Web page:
“And number three. I also put old things in museums. I have a patent on an engine. I found a Shelton tool and it sits in the museum with my name on it.”

Somehow, I think he got a little mixed up. Anyway, back to the bike.

“You could be riding this bike instead of walking. You could get places so much quicker.”

He stopped, after almost running into me. I stopped, too. How to get on with my walk?! He stood over 6 feet tall. He wore a navy blue T-shirt and dark greenish gray sweat pants. His dark curly hair grayed at the temples. He looked  like he could pass for Mark Ruffalo’s younger brother.


He adjusted the seat for me, lowering it considerably. He mopped his forehead. Too hot, really, for sweatpants today.

“You can hop on right now and give it a try.”

Wearing a dress and having no interest in the two-wheeled wonder, I declined. I wasn’t even tempted. Bikes and I do not get along well. However, I admired his persistence.

“This bike would go for $170, easy.”

“Well, Rich, if you put it on craigslist, I bet you could sell it in a minute.” I meant it as encouragement.

“Besides, I’m just out for a walk on a break,” I said.

“Where do you work?”

“I work for the city.”

Then I got an earful about how the city spends money, or doesn’t spend it.

“Where does the money go?!” he wondered aloud. I sometimes wonder the same thing.

“Rich, it’s been a pleasure,” I said, shaking his hand and trying to wrap up our encounter. My break was over.

“Don’t you want to try the bike?”

“I don’t. Thanks, though.” I mentioned crashing on the volcano at Haleakala. Not my best biking memory.

He thought for a moment.

“With my house as collateral, I guarantee you will never crash on volcanoes while in Shelton.”

There! Sold!

Or not.

I turned around and started walking back to work. He rode alongside, chatting more. He followed me all the way to the main intersection. He had all kinds of strategies for figuring out what cities should spend on roads, sewers, etc.

“I’ll probably see you around,” he said, as he soared off.

You probably will, Rich, I thought, smiling to myself.



Pretty Passage


Ran 5 miles before the sun rose on Saturday. Watched the sky turn pale opalescent shades of fuchsia, violet and navy. Then a soft glow of pink, like God doing a magic trick. “Look! I do this every morning, and each one is different!” What a show off.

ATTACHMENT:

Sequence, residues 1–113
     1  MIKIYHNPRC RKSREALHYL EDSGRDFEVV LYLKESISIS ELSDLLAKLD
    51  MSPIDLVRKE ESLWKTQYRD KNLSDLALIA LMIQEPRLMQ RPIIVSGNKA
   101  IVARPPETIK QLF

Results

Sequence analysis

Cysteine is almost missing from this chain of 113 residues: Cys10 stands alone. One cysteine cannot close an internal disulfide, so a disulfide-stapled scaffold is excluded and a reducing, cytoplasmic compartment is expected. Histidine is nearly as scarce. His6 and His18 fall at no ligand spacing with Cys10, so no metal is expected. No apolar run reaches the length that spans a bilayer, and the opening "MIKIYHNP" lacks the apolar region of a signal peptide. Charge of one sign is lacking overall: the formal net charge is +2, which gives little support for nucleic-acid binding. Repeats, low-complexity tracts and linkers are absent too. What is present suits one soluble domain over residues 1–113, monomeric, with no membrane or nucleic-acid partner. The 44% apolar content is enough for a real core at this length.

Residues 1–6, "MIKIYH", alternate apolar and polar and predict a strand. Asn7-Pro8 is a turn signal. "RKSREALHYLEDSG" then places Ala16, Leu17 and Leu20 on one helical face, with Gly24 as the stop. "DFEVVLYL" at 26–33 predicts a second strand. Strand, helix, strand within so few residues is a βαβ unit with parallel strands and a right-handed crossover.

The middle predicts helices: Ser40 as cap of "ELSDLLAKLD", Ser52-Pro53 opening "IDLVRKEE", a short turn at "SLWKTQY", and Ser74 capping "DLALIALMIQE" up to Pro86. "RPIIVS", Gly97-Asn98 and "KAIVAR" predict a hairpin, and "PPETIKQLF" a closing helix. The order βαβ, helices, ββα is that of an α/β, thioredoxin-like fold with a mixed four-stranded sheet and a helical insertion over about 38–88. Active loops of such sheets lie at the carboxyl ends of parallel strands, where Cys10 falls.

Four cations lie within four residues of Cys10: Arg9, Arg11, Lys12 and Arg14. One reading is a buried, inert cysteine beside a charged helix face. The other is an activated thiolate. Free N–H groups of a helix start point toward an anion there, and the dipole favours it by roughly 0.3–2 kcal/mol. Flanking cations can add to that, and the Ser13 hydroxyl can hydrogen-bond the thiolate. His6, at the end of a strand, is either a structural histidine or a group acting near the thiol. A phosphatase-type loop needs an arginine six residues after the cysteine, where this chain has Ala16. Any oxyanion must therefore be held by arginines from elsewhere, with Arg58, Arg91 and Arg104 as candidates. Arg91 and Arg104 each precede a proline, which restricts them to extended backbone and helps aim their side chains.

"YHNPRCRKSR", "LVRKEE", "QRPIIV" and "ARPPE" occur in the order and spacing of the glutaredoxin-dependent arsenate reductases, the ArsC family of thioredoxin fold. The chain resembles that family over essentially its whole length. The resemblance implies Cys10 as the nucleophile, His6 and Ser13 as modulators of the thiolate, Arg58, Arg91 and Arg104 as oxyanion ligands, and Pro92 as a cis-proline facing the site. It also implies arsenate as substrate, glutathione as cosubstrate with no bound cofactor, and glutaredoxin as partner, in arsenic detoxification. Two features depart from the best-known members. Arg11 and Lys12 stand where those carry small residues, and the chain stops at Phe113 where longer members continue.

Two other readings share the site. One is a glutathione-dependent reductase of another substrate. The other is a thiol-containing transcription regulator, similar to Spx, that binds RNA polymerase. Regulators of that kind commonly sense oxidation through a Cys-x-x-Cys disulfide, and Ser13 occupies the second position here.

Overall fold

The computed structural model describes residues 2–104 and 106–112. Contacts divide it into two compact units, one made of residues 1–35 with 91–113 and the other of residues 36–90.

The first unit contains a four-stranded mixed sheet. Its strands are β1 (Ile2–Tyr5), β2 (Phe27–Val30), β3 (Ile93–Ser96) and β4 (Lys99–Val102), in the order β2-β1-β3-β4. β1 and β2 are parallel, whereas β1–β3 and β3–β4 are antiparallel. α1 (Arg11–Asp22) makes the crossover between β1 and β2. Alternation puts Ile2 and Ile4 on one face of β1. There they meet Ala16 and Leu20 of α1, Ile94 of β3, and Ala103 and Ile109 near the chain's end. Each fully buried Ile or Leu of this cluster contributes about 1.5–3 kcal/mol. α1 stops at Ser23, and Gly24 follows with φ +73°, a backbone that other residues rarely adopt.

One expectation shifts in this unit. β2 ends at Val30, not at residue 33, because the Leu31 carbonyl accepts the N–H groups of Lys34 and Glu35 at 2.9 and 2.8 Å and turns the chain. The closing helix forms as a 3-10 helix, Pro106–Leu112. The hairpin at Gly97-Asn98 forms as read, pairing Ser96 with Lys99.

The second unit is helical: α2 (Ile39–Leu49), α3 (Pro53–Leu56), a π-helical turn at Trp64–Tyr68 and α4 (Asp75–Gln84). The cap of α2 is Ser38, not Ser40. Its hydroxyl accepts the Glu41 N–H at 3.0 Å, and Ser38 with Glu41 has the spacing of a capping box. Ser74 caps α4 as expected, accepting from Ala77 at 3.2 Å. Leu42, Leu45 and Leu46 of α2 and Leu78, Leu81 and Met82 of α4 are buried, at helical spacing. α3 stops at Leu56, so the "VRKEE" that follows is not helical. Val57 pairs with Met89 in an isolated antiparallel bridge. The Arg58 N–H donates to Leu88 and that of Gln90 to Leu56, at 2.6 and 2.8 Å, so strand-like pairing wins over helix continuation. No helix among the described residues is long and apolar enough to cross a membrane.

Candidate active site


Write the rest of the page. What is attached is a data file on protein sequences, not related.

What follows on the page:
I’ve been pondering the finite nature of our lives. Time is the most precious commodity we have. I don’t know how much I truly have. I spend some every day, not knowing if this is the last day I’ll have on this planet.

It hit me hard yesterday. The kids are growing up. Zac has one more year with us, then he’s off to college. He towers over me and grows more manly by the day.

Ruby’s not a tiny girl anymore. We got pedicures together on Saturday, her first ever.

“She’s a pretty girl,” the nail tech said. She proceeded to paint tiny flowers on Ruby’s big toes, complete with a teensy gem in the center of each.

Ruby didn’t know what to do with the compliment, in part because of the tech’s accent. She’s at the very beginning of having her own identity outside of Zac’s little sister and one of our family. But Ruby doesn’t think of herself primarily as pretty. She’s an artist, an animal lover and funny girl who makes up her own songs and graphic stories.

She’s always been pretty. She was a cherubic baby and a tiny, strong, cheeky little mite. No awkward adolescence looms  in her future, as far as I can see. No prolonged geeky stage, with frizzy hair, hillbilly teeth and chunky glasses like me. No gawky, lanky limbs, refusing to stay covered by sleeves or pants like others I know who actually achieved height. Other than some unfortunate self-imposed haircuts, she’s dodged the bullet of physical weirdness. If she and I had been classmates, I would have envied her natural beauty and funky sense of style. She looks good in everything. Of course, she hasn’t tried on red overalls, my go-to outfit of 6th grade.

But what I’m trying to say is that it’s okay to not have arrived yet. Time passes, yes, but it can make us better. We can change. We can grow into what’s next for us; we’re in a constant state of becoming. We don’t have to like it. However, change is inevitable, like the passage of day to night. Nothing stays the same. One day, the world won’t consider Ruby pretty any longer. Her inner, God-given qualities will remain. Let’s make the most of it all.





Amber Faith

The moon glowed in the sky, putting the street lights to shame. A few stars twinkled in the black. I eased my tired frame onto the road. What am I doing out here? I should be sleeping, I thought. But only fleetingly.

Because I knew what I was doing. I needed to get ready for a new day. I needed to put on a fresh attitude. For me, running or exercising is part and parcel of the morning. I won’t say it has the same level of importance as Bible reading and prayer, but the combination proves dynamic. Getting the spirit ready for this chunk of time matters as much as getting the body ready.

Lately, I seem to be stuck in a limbo state in several areas. Like this.

frog in amber.jpeg